President Donald Trump is on the look-out for a chief science adviser, but who to choose?
If his most recent appointments are any indication of the future, then, on climate change at least, Americans should expect the president to tap a climate science denier.
Happer has for more than a decade rejected all the credible evidence on the risks of human-caused climate change. He is often described as an “expert” on climate change, yet his record of publishing research on the issue in peer-reviewed scientific journals is almost non-existent.
So who is he?
Happer’s expertise is in atomic physics. He served in the George H.W. Bush administration as a science director.
But since the late 90s, Happer has become known for his outspoken and often offensive views on climate change and climate scientists, whom he has described as being “more like a cult.”
“They’re glassy-eyed and they chant. It will potentially harm the image of all science,” he told The Guardian.
He has also claimed that the “demonization” of carbon dioxide is like the “demonization of poor Jews under Hitler.”
In recent times Happer has been associating with conspiracy theorists and other oddballs as he rolls out the same talking points that have been his staple for years.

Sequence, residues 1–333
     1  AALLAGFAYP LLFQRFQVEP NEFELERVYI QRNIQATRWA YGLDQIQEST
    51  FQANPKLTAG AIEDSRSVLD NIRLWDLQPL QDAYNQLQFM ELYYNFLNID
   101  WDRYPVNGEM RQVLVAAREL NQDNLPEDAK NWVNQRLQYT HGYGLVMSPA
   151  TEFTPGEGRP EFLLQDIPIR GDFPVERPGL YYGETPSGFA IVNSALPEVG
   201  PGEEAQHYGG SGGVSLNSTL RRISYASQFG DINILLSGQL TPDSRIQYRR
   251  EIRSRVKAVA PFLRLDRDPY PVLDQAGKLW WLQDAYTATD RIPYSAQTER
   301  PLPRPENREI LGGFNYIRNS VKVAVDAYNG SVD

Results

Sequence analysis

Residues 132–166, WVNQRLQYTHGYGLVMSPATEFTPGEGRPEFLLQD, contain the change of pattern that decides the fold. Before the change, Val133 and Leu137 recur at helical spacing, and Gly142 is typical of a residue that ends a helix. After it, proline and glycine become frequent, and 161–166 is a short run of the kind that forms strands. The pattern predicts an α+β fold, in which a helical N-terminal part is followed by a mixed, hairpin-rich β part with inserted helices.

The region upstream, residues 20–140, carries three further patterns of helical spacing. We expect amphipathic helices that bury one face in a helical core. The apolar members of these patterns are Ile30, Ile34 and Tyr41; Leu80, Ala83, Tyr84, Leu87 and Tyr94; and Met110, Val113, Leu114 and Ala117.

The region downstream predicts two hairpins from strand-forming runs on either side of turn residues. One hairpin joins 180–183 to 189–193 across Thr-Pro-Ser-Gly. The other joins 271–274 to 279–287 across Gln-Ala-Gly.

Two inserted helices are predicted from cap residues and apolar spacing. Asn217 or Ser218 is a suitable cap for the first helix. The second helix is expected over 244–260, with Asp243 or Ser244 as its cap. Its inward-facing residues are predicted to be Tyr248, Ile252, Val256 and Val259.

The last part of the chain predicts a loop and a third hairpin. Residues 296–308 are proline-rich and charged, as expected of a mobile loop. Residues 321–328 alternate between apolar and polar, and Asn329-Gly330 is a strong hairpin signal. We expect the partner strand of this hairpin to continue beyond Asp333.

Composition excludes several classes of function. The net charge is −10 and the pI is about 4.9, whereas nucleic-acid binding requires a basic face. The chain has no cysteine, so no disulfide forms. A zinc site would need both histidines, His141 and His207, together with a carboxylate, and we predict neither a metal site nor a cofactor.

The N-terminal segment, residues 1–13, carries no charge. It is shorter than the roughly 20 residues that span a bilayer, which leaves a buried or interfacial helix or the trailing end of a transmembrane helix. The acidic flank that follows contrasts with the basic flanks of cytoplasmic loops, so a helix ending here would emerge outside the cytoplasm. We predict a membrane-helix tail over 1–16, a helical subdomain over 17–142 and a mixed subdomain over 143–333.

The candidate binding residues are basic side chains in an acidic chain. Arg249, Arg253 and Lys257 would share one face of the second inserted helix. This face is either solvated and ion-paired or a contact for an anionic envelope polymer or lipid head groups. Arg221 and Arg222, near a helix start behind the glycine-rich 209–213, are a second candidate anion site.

Since the mid-2000s, Happer was involved with the George C. Marshall Institute, a think tank that concentrated heavily on pushing claims that global warming concerns had been over-hyped. Happer was a former chair of the institute — one of many to take cash from oil giant ExxonMobil.
In 2015 Happer was caught in a sting by Greenpeace activists when he offered to write a report on the benefits of carbon dioxide for a fake fossil fuel client. He offered to find a way to hide the funder of the report by asking for the payment to go to the CO2 Coalition.
Happer’s position is shown to be wrong by all the credible evidence and scientific institutions across the world. His claims can also be easily checked.
So what are his claims?
In December 2016, Happer repeated his long-debunked talking points in an interview with Stefan Molyneux (himself an odd character who has had to fend off accusations that he is running a cult-like group through his FreeDomainRadio enterprise).
In the interview, Happer talks about a geological period known as the Phanerozoic eon which started about 540 million years ago and stretches to the present.
Happer says that over this period CO2 has been much higher, suggesting that everything was all fine and, by implication, it would be fine again if levels of carbon dioxide in the air got up to 1,000 parts per million or more.
Dr. Nerilie Abram, a climate scientist at Australian National University specializing in understanding the ancient past, told me:
The Phanerozoic covers an enormous amount of Earth’s history — the last 541 million years. If we were to think about that time period as a single day, complex life first evolved at midnight and the age of the dinosaurs (252-66 million years ago) lasted from just after midday (12:49 p.m.) through to 9:04 p.m. Modern humans only evolved at 11:59 p.m. (0.2 million years ago).